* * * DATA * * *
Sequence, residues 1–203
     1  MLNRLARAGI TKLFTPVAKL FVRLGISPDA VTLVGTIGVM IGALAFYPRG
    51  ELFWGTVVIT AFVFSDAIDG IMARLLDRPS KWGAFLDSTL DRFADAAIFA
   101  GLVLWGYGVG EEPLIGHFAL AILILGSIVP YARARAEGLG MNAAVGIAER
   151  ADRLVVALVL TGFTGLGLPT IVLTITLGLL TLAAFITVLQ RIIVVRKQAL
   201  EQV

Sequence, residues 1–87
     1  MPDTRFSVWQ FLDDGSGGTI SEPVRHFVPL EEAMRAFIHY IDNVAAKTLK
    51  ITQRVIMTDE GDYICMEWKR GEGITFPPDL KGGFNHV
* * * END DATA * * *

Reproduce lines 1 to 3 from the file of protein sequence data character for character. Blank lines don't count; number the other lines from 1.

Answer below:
Sequence, residues 1–203
     1  MLNRLARAGI TKLFTPVAKL FVRLGISPDA VTLVGTIGVM IGALAFYPRG
    51  ELFWGTVVIT AFVFSDAIDG IMARLLDRPS KWGAFLDSTL DRFADAAIFA